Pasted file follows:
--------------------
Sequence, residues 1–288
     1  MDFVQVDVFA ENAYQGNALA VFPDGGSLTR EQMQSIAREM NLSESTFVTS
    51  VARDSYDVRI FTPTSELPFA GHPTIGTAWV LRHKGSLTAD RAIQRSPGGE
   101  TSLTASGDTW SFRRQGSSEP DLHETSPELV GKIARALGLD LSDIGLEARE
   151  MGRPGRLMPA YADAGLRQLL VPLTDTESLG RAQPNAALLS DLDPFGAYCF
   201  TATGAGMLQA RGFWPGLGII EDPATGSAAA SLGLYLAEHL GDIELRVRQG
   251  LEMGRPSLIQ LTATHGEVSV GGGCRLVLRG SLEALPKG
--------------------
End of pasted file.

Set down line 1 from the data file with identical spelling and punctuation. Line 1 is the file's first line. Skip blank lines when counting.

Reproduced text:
Sequence, residues 1–288